• Lacking context.  Without knowing the source of the data or data totals, the statistics may be less convincing.  Industry knowledge is also important to context in order to visualize the most valuable data and to answer “So what?”.  

Not sure how comfortable you are with data?  Start with your own! Ask questions and see what you can uncover.  Check out some of our favorite sources of data that can add to your analysis.  As you dig in, Transform Consulting Group is ready to assist with our evaluation, research, and strategic planning services as well as data visualization training and products.  Contact us today to ask questions and learn more!

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Getting the Most Out of Your Needs Assessment

Recently Transform Consulting Group finished the annual needs assessment for the Indiana Head Start State Collaboration Office (IHSSCO).   Each Head Start State Collaboration Office is required to annually submit a needs assessment, which informs their strategic plan goals and objectives.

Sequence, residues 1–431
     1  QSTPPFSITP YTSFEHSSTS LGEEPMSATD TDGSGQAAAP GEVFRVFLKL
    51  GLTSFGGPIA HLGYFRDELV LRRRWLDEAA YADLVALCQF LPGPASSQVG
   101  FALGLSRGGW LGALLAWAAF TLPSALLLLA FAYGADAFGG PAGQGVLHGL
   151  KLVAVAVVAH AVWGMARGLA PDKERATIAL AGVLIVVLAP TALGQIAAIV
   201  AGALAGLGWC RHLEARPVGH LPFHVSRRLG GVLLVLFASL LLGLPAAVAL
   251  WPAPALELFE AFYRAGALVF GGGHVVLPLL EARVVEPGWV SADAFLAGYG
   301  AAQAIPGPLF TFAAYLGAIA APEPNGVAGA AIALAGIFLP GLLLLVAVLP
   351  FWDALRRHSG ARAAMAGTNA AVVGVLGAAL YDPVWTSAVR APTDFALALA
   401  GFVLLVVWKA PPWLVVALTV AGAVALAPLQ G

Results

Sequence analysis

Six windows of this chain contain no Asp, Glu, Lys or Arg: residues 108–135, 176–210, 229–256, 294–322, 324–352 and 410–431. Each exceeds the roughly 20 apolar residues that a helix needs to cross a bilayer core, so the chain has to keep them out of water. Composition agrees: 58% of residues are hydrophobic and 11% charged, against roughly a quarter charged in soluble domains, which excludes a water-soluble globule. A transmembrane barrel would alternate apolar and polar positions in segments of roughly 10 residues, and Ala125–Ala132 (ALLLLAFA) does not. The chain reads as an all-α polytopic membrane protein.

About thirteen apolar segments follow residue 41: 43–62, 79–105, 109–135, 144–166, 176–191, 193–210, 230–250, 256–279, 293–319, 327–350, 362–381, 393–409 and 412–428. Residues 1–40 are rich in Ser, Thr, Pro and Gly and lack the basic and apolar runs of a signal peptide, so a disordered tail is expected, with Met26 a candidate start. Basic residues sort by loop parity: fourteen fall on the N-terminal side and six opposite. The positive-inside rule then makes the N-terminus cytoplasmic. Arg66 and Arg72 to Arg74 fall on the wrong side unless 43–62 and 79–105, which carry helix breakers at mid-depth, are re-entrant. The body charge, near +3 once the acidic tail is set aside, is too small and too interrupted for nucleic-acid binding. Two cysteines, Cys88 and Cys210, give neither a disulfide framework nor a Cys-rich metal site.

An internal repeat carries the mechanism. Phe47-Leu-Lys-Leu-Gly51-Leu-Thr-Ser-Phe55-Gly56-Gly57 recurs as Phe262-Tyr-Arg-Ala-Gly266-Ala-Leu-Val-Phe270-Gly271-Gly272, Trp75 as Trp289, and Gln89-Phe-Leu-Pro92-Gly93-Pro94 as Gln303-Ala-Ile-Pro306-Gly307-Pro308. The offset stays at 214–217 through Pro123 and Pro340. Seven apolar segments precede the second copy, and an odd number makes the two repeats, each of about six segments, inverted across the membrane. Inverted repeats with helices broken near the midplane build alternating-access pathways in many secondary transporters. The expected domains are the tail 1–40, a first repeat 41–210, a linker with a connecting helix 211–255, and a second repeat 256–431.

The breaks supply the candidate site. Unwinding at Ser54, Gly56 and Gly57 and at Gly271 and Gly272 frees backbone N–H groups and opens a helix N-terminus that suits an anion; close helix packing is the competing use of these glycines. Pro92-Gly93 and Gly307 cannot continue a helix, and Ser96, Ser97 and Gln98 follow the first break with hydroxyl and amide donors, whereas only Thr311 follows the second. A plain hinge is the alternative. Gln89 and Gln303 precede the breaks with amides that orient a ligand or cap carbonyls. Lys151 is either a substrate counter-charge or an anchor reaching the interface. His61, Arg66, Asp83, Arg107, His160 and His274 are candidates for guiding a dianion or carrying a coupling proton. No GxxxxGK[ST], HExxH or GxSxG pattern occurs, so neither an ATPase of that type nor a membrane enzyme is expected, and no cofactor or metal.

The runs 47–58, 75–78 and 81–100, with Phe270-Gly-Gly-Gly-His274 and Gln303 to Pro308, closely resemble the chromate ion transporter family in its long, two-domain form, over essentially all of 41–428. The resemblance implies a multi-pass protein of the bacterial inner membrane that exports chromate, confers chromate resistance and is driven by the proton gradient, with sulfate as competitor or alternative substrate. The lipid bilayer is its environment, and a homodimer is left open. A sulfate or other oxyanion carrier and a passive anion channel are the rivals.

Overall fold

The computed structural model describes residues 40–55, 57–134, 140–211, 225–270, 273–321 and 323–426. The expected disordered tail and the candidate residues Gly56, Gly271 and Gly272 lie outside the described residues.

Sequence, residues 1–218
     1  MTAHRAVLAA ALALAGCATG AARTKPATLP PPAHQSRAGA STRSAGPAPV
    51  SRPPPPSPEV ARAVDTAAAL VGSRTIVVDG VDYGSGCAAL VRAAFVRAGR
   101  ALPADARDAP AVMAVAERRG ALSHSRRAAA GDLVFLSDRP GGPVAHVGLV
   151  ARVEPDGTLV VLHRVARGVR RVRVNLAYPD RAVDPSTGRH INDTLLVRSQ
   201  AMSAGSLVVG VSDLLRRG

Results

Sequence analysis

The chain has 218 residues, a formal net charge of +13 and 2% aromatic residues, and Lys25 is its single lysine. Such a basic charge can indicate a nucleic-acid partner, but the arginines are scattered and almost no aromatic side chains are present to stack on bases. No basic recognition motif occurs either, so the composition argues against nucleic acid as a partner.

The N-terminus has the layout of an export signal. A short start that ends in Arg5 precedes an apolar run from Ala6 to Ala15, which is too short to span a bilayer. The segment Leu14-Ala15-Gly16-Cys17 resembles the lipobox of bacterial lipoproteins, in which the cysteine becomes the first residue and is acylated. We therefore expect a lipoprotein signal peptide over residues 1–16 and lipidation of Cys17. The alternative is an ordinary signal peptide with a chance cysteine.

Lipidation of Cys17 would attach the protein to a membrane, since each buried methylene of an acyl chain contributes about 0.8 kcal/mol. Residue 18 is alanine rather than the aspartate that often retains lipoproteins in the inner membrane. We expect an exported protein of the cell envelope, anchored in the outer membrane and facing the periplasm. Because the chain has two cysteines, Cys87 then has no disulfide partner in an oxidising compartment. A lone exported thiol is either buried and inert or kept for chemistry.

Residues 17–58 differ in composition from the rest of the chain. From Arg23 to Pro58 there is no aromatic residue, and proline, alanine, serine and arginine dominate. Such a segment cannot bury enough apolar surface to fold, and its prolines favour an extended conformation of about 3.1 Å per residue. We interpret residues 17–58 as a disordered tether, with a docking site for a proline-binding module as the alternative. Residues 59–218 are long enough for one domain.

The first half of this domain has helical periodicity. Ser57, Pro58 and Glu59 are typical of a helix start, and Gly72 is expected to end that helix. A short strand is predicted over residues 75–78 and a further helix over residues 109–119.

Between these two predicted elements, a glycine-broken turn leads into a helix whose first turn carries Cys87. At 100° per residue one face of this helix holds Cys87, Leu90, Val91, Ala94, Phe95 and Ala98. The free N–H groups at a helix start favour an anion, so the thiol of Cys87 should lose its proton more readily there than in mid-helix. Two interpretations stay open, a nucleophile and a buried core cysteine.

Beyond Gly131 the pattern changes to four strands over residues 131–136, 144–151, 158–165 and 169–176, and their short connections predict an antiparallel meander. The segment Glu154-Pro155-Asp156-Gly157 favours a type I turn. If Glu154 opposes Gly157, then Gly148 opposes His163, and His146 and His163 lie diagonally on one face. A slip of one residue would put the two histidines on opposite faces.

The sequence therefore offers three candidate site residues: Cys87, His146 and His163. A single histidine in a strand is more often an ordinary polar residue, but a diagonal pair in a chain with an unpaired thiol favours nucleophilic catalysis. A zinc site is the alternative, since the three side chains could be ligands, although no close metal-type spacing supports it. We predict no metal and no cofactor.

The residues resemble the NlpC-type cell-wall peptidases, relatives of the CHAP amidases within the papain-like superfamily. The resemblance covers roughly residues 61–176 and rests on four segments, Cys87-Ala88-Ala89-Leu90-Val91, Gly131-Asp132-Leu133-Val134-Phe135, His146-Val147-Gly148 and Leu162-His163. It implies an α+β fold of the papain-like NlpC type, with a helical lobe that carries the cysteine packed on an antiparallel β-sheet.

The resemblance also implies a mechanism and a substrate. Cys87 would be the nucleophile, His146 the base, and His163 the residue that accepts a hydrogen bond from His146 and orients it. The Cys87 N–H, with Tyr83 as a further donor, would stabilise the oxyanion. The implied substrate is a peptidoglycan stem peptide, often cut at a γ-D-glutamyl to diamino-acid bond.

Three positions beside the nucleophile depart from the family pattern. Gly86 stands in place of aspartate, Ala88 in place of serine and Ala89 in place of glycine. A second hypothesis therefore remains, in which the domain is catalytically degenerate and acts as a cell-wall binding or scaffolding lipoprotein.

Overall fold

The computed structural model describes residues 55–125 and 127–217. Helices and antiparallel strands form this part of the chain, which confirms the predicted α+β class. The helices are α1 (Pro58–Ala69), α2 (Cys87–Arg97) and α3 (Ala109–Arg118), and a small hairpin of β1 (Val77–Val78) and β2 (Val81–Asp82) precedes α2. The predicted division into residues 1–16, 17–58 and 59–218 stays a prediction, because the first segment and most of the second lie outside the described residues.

IHSSCO uses their needs assessment to inform their annual work plan, and all organizations should make the connection between a needs assessment and the organization’s strategic goals!  Whether you want to conduct a needs assessment, program or organization evaluation, or annual report, don’t miss the chance to do one of the following:  

  1. Use your assessment to solicit new feedback or data.

The IHSSCO needs assessment solicited new feedback this year.  We interviewed and surveyed external stakeholders and Head Start partners.  If you’re going to request feedback, make sure you show you’re doing something with it.  No one likes to provide feedback, and then see that nothing changes. For Head Start partners and stakeholders, they will soon be able to read the needs assessment report and see the recommendations for solutions that address some of their feedback.

  1. Take the time to learn from your data.

Data is collected and reported on, but beyond totals and percentages, what does your data say?  What questions does it raise to inform your assessment and planning efforts? For example, we wanted to know: